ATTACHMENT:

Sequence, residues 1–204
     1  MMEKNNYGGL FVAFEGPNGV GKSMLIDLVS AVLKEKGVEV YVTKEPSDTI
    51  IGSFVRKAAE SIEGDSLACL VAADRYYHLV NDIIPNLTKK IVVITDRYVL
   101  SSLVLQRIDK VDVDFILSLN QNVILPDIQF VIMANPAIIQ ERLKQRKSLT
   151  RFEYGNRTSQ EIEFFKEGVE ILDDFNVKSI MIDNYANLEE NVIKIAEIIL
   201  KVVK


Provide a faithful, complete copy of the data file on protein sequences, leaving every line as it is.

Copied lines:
Sequence, residues 1–204
     1  MMEKNNYGGL FVAFEGPNGV GKSMLIDLVS AVLKEKGVEV YVTKEPSDTI
    51  IGSFVRKAAE SIEGDSLACL VAADRYYHLV NDIIPNLTKK IVVITDRYVL
   101  SSLVLQRIDK VDVDFILSLN QNVILPDIQF VIMANPAIIQ ERLKQRKSLT
   151  RFEYGNRTSQ EIEFFKEGVE ILDDFNVKSI MIDNYANLEE NVIKIAEIIL
   201  KVVK